Esther Mutua’s Journey Home

 

In loving memory of Esther Ndunge MutuaChinese philosopher Lao Tzu once said, “The journey of a thousand miles begins with one step.” For many of us, taking that first step requires the support and guidance of others. Recently, the staff at Homeland Hospice helped Esther Mutua take that first step to secure medical clearance and support services to travel more than 7,000 miles to her home in Nairobi, Kenya to spend time with her family during her end-of-life journey.

Esther’s story began last spring when she was diagnosed with stage four-pancreatic cancer while visiting her daughter Rachel White in Harrisburg. Esther and her husband frequently traveled between their home in Nairobi to Harrisburg to spend time with Rachel, their son, and grandchildren.

“My mother loved spending time with all of her family,” Rachel says, “While she traveled often, her home and heart were always in Nairobi.”

After learning of her diagnosis, Esther began medical treatment to combat the cancer. When all treatments and medical options were exhausted, she decided to return to Nairobi for her remaining days. Rachel planned her mother’s return to Nairobi beginning at John F. Kennedy (JFK) International Airport and connecting with Kenya Airways. At JFK, Rachel learned her mother needed a special form from her doctor to allow her to travel. Esther was turned away from her flight and dream of going home.

When the family returned to Harrisburg, a friend recommended Homeland Hospice to Rachel to help provide pain management, comfort and support to Esther. Homeland Hospice is a nonprofit hospice program that serves communities throughout Central Pennsylvania. Esther received a team of care to include a registered nurse case manager, hospice medical director, attending physician, volunteer coordinator, social worker, counselor and nursing aide assistants.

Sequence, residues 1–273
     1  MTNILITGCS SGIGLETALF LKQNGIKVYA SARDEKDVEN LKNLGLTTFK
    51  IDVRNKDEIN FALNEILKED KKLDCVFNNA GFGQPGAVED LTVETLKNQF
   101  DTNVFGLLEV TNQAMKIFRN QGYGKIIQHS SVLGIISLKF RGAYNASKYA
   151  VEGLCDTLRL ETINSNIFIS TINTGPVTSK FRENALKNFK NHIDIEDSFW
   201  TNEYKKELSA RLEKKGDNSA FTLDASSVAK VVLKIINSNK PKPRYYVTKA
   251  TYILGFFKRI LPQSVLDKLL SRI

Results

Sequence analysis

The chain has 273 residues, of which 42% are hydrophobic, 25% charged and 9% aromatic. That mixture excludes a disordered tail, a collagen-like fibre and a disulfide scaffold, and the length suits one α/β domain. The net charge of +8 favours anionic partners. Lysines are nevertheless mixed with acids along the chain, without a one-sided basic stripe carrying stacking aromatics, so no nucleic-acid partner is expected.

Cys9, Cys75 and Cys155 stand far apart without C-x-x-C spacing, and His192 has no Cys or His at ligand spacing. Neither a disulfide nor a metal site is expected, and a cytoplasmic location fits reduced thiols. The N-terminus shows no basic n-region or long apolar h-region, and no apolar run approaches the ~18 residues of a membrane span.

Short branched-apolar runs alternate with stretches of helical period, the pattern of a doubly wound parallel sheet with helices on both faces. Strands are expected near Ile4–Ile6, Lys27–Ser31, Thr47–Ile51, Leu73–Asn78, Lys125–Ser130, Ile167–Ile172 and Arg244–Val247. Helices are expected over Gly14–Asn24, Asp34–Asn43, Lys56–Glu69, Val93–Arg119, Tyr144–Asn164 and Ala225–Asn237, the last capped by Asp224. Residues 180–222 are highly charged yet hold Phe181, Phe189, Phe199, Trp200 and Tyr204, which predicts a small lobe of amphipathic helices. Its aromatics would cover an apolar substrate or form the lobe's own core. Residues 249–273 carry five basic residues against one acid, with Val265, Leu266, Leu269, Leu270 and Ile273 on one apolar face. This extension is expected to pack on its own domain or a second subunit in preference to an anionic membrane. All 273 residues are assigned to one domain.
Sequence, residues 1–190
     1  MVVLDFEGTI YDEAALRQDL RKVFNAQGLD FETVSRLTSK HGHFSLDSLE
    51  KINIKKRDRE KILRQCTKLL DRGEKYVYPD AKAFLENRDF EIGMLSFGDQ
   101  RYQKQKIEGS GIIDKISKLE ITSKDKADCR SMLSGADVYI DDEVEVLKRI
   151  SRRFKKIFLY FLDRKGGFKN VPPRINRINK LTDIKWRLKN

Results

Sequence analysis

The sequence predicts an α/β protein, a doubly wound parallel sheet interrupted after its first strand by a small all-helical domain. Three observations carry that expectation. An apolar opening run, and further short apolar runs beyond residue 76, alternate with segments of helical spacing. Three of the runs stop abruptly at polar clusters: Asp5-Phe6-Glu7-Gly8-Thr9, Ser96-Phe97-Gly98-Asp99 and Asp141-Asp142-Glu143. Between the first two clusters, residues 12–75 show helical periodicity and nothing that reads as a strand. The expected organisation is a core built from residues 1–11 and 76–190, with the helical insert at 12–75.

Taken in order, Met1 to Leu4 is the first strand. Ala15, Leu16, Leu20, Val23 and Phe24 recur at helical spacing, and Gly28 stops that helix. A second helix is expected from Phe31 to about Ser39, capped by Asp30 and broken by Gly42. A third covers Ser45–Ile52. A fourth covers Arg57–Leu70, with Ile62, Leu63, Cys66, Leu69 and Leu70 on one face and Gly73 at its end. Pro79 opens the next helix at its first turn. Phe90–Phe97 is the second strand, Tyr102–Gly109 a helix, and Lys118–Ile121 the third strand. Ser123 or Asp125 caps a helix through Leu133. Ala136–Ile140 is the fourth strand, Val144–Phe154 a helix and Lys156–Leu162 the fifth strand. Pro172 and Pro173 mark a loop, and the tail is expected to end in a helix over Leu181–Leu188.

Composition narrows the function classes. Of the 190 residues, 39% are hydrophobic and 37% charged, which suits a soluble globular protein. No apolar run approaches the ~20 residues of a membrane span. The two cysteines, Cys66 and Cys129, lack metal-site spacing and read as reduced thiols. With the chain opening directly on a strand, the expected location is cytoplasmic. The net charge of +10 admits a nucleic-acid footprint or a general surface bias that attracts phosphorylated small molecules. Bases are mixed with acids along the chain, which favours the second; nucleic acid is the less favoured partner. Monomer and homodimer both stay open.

During their initial visit, Laurie Bassler, social worker, and Franchesca Washington, RN, learned about Esther’s wish to travel home to her country.

“Our work is about putting the patient first,” Laurie says. “We immediately went into action to make this happen.”

Over the following weeks, Laurie completed the necessary paperwork for Esther and advised the family about connecting with visiting nurse support for Esther once she returned to Nairobi. Franchesca secured a wheelchair and prescriptions. Esther, accompanied by family members, was able to return home earlier this year. She spent her final two weeks surrounded by her siblings, children, grandchildren, great grandchildren and friends.

“We were with Homeland for a short time, but they gave us hope.” Rachel says. “We have comfort and peace knowing my mother’s wishes were honored.”

For Laurie and Franchesca, fulfilling this request was part of a job they love. The hospice team works diligently to understand all of their patient’s needs and desires, as well as those of the family.

“I love being part of a team that strives to overcome every hurdle,” Laurie says. “It’s a privilege to work with our hospice families.”

Homeland Hospice serves 14 counties throughout central Pennsylvania, providing end-of-life care either in a person’s home or wherever they reside, including nursing facilities. Homeland staff becomes even more closely involved as death approaches. This is one of hospice’s greatest strengths – helping the patient and loved ones cope as a person approaches life’s end.

To learn more, please contact Homeland Hospice at (717) 221-7890.